Jorge Sanchez (Spain):
The reason why I travelled to Nalanda was to visit the Memorial devoted to the Chinese traveler Xuanzang, but the whole complex of the old University of Nalanda where 10.000 students lived, plus the memorial to Xuanzang and other temples around motivated that I stayed there for a whole day, admiring every stone. Unfortunately the university was destroyed by the muslims and today only ruins you can see. For those 10.000 students there were between 1500 and 2000 teachers.Even the ruins are magnificent. I saw many pilgrims, from Sri Lanka and other Buddhist countries to visit that place.Entry fee was not expensive, even for a foreigner, that has to pay about 50 times more than an Indian.I reached Nalanda from Patna, by buses.
Once I visited throughfully Nalanda ruins, I headed on foot to Xuanzang Memorial, where I spent several hours reading and admiring everything regarding the life and travels of this extraordinary monk, who spent several years in Nalanda in order to learn Sanscrit and to collect the Buddhist sutras that he brought to China in an exciting way back escaping many dangers.
Date posted: January 2015 Paul Tanner (UK):
Nalanda epitomizes both what India has to offer in uninscribed sites and also its perennial inability to bring these forward to successful conclusion!! The Web is full of calls for it to be inscribed (often uninformed in suggesting that fault lies with UNESCO rather than with the governments of India and Bihar!). The most recent (early 2013) have been from the Nobel Laureates for Economics Amartya Sen and Joseph Stiglitz.
So what is so special? Well the ruins at Nalanda are of what is claimed to be the world’s first international residential university, with students coming from as far away as Tibet, China Greece, Persia, Korea, Japan and Java. It is claimed that, in its time, it was the most prestigious seat of learning in Asia. The Tang dynasty pilgrim Xuanzang left detailed descriptions of its size and magnificence. It operated between the 5th and 12th Centuries when it was sacked by Muslim invaders who burnt its libraries and destroyed its buildings. It accommodated over 10000 students and 2000 teachers across an enormous site. During excavations between 1915–37 and 1974–82 11 monasteries and 6 temples were uncovered across a sq km – but over 90% of the site is still thought to be unexcavated.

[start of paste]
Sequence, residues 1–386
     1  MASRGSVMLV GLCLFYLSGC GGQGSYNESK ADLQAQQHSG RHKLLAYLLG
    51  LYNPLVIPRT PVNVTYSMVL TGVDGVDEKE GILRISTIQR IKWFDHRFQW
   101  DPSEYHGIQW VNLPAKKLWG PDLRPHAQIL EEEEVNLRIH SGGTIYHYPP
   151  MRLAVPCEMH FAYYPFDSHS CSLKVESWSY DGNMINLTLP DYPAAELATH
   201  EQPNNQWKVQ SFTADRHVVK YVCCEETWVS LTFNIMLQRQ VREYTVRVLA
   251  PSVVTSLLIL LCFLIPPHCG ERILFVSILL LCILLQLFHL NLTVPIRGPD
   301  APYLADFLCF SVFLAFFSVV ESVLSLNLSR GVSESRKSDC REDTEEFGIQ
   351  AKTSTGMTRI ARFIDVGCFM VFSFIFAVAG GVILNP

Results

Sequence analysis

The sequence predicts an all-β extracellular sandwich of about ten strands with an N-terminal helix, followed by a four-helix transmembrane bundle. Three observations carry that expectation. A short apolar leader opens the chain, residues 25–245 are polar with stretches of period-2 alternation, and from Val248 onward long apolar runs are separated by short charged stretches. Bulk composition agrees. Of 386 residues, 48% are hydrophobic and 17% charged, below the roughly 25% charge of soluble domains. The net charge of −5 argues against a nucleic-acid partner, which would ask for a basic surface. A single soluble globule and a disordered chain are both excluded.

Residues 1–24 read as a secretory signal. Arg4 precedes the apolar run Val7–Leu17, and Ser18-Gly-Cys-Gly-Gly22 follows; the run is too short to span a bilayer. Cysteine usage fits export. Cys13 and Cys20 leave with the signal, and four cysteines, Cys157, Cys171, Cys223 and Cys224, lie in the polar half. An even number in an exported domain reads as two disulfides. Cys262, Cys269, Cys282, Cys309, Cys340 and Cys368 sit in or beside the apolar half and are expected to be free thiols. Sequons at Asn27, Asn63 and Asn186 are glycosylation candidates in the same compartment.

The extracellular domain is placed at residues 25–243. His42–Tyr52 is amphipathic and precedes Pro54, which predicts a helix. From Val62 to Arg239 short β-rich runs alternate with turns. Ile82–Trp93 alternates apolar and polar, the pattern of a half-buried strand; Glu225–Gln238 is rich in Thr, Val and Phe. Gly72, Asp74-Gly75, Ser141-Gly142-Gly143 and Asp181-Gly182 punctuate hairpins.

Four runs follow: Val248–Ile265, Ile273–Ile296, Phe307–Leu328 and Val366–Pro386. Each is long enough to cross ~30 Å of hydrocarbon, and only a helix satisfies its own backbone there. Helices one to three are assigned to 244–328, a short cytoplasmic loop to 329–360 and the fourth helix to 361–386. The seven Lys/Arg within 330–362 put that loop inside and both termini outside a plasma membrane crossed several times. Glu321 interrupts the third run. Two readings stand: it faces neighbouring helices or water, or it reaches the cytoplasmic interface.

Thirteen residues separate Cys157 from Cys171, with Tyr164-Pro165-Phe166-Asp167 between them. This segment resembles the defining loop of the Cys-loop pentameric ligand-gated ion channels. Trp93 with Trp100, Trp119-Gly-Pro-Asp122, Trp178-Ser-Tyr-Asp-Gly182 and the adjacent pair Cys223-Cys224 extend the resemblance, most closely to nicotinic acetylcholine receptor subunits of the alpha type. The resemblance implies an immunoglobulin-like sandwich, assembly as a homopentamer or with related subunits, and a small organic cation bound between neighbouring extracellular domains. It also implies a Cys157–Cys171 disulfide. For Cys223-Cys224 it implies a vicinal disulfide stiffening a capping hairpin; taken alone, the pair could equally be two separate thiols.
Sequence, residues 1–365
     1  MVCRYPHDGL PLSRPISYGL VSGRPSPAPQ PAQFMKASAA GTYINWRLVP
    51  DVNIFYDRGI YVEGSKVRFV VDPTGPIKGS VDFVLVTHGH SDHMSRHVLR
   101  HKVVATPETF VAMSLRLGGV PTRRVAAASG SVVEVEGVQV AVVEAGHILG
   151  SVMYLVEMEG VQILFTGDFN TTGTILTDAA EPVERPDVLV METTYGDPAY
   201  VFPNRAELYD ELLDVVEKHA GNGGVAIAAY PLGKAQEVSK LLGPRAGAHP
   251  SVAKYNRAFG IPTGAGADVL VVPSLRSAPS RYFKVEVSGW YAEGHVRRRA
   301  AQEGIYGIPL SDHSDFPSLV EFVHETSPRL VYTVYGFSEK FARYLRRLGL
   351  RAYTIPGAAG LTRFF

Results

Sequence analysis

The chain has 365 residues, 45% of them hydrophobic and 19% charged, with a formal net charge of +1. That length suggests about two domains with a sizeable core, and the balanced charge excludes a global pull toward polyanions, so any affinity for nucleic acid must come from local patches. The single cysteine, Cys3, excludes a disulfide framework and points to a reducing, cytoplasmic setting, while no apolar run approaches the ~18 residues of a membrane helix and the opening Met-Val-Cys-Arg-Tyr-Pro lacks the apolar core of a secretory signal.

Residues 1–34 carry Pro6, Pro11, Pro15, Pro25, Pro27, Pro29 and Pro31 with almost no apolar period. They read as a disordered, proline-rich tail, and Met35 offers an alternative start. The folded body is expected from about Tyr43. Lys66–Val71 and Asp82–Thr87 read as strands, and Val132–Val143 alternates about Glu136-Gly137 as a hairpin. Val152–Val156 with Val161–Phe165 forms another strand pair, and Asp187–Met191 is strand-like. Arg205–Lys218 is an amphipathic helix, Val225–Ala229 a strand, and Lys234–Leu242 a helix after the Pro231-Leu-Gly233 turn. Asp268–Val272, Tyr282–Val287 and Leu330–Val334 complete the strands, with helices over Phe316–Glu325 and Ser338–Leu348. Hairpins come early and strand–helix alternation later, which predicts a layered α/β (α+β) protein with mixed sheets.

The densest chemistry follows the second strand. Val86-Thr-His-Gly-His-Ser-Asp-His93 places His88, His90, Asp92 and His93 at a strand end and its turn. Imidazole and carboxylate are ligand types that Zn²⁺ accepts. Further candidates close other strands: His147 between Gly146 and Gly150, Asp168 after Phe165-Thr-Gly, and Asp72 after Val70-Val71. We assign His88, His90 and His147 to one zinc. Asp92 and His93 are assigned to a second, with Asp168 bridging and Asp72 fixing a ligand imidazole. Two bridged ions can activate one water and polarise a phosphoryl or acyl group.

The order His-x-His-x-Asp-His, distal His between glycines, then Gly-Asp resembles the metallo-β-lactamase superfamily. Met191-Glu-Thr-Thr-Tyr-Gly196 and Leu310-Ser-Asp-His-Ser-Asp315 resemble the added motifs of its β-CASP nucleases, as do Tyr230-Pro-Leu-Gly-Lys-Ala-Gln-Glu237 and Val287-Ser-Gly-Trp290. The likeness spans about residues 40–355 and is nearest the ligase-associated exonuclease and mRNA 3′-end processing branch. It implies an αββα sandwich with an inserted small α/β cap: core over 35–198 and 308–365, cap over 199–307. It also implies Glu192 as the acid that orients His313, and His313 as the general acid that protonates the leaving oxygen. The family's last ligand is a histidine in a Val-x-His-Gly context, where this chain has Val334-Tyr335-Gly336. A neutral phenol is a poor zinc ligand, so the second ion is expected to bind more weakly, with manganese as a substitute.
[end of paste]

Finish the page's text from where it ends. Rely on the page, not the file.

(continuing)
The structures are all in brick and reminded me of the Vihara in Pahapur Bangladesh (see my review) which is on a far smaller scale. The monasteries are all virtually identical in layout and consist of quadrangles of cells around a central courtyard, together with communal buildings such as Kitchens and the 11 excavated to date are laid out in a line – variations concern matters such as how many students occupied a cell and a differences can be discerned between those for just one and those for 2 or 3 as ideas changed and sects developed different approaches to teaching. The central kitchen to which monks came to collect their daily ration reminded me very much of the monastery we had seen a few months ago at Amarapura in Myanmar. Across an open area from the line of monasteries are situated the temples. These consist of a high central brick mound with a large chamber which presumably contained a Buddha statue, and surrounding stupas. The mounds have surviving decorations in the form of Hindu and Buddhist images, both sculpted and stucco.
A visit to Nalanda should only take 2 hours (it is worth taking in the museum across the road from the main site). The drive from Bodh Gaya is around 2hrs (only 75 kms, but extended considerably in time by the need to pass through Gaya.) – so you could do it as a day return trip and take in Rajgir as well with its Buddhist and Jain sites.